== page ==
Rounding the headland the next morning and using the maps from the library, he set a new course for the Mercury Group of Islands some 20 miles distant, East-South-East from Cape Colville.
The launch engine had given some trouble during this leg of the journey and they were thankful when they motored into a small bay where they could land and carry out some repairs.

Mooring the launch among a large group of rocks, Von Luckner sent a man up to a large bluff as a lookout, while his crew busied themselves repairing the engine. They carefully tuned their radio, powered by the launches engine, to the Auckland Radio Stations to see if word of their escape had been broadcast.
They now had to get hold of a larger sea-going vessel if they were to make their way into the Pacific Ocean. Von Luckner and his first lieutenant decided that they must first head for the volcanic Kermadec Islands, some 470 miles in a north-easterly direction, before venturing further out to sea.

    Meanwhile, news of the escape had reached Auckland and early next day, some thirty vessels, steamers, launches and yachts began to search the Hauraki Gulf, looking in all the small bays for the escaped prisoners. The Count and his men managed to elude them all lying low in the Mercury Islands awaiting a chance to seize a larger vessel.
At 7 o'clock in the morning of December 15th the lookout man on the bluff signalled that a sail was in sight.

Scow Moa

Two schooners were coming up from the south, both fairly close to the other. Von Luckner recalled his man from the lookout and they boarded the Pearl heading out to intercept the two vessels approaching.
The vessels were two large timber scows, the Rangi and the Moa. The Rangi was ahead and leading by about four miles when the launch arrived and crossed their course.
Flying the New Zealand ensign, Von Luckner decided he would capture the 94ft long Moa which would make a bigger and better prize. When the launch reached her and he was in hailing distance, he called for the skipper of the scow to luff up into the wind.

    Pulling alongside the scow, the Count sprang aboard her, followed by his men who had been in hiding aboard the launch until now. They waved a rifle at the crew members of the scow telling them to surrender. Unarmed and threatened by the German crew members, the skipper, William Bourke and his crew of four men and a boy, had little choice but to obey.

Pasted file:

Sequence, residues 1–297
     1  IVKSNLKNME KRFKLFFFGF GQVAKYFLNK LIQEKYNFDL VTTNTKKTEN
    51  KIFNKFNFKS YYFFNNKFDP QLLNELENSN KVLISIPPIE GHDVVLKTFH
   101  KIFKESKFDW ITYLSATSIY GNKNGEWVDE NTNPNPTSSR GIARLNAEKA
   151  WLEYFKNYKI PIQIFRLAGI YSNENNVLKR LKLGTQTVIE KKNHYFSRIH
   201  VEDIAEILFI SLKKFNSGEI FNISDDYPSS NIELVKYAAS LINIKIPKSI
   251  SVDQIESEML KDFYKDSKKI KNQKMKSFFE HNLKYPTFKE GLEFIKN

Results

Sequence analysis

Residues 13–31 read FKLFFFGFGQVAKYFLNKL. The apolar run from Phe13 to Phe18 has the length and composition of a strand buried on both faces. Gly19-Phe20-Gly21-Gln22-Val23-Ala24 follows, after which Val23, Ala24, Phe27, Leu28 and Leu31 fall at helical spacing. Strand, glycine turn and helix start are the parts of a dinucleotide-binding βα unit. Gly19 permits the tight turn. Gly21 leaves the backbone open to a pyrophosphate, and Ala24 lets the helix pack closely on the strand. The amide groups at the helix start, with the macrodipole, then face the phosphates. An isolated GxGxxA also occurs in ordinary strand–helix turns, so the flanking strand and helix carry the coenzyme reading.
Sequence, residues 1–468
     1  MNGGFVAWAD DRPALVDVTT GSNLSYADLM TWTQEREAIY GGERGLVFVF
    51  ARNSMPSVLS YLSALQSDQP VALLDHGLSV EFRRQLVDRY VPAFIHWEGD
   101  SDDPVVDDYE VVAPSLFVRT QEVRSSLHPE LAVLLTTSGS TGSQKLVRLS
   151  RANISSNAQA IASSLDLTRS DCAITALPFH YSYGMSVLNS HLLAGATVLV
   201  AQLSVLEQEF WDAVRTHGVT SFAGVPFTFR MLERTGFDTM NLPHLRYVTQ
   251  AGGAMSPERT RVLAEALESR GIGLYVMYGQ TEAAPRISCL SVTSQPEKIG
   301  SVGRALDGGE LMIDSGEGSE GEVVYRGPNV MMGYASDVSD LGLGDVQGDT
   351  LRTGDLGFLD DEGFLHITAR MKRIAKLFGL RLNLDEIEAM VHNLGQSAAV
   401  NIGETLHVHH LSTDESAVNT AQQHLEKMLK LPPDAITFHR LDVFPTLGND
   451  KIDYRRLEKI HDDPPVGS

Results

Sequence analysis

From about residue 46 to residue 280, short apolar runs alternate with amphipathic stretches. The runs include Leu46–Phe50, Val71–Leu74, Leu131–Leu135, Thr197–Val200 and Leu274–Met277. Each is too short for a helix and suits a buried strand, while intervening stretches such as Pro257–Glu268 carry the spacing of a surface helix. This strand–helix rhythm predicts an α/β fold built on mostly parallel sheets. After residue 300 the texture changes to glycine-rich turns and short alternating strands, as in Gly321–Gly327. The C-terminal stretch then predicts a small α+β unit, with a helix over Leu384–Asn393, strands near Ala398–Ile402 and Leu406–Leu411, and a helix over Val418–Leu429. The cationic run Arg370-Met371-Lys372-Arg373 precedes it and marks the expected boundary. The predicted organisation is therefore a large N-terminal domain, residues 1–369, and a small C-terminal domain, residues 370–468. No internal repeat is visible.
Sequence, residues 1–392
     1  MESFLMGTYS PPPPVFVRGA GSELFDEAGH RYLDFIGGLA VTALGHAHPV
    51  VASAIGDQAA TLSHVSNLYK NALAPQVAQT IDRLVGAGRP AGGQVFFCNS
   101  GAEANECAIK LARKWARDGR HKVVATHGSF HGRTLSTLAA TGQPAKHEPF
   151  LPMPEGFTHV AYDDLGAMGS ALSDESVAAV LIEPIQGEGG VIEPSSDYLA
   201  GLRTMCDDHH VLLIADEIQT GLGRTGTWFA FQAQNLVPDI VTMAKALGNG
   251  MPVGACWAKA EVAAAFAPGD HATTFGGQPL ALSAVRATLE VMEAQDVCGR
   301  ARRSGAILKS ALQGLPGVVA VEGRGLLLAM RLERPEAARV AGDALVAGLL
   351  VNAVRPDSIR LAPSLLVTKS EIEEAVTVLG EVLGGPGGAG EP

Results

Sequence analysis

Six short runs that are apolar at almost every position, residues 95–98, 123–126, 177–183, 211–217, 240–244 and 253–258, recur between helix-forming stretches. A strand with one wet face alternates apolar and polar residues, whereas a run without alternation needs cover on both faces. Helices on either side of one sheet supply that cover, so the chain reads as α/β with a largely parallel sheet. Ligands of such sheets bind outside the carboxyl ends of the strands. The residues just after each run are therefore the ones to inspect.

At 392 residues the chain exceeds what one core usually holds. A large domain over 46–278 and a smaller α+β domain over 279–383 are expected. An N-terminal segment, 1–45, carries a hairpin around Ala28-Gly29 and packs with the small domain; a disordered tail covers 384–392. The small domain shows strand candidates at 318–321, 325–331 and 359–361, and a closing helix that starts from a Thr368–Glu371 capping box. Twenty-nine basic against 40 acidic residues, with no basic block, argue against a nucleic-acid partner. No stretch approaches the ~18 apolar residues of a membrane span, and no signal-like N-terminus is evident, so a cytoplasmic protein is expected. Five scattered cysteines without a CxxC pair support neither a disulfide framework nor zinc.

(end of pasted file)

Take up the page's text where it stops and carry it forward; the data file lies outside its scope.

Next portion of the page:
The launch Pearl was taken in tow but later floundered in the heavy seas and had to be cut loose. Despite being advised that the vessel was not a fit craft to take off-shore, the Count paid no heed and ordered the crew to square away the scow, when he set a new course for the Kermadec Islands. The scows crew were sent forward to take up their quarters in the fore-peak, while Von Luckner and his men occupied the cabin aft.

    The Moa was heavily laden with 80,000 feet of sawn rimu timber and so began to make heavy going as she headed out into the open sea. The Count gave orders for two-thirds of the deckload of timber to be jettisoned overboard.
Lightened of her load, the Moa now made good headway towards the volcanic Kermadec Islands as the crew, who had no experience sailing this type of vessel, learned to handle the big scow.

    The Count had good reason to make for the Curtis island
Kermadec Islands, where he had learned there was a store on Curtis Island, left there by the New Zealand Marine Department for the use of shipwrecked crews. Here he could replenish his stores stolen from the camp ready for the long voyage ahead of them to South America. He planned to abandon the scows crew there, before setting sail again.
Von Luckner crowded on all sail, driving the Moa onwards to the north-east. After five days sailing, they reached their destination on the 21st December, when volcanic Curtis Island in the Kermadec Group came into view through the clouds of smoke and steam.
    This group comprises of three islands, Curtis Island, MaCauley Island and the island to the north, which is called Raoul Island, or Sunday Island, as it was origionally known.
This island was at one time inhabited by the Bell family, who lived there for some thirty years, when regular calls were made by the New Zealand Government Steamer and other South Sea Island trading vessels.


Standing the Moa off from the island, Von Luckner sent Lieutenant Kerscheiss ashore next day with four men to raid the store shed of its provisions.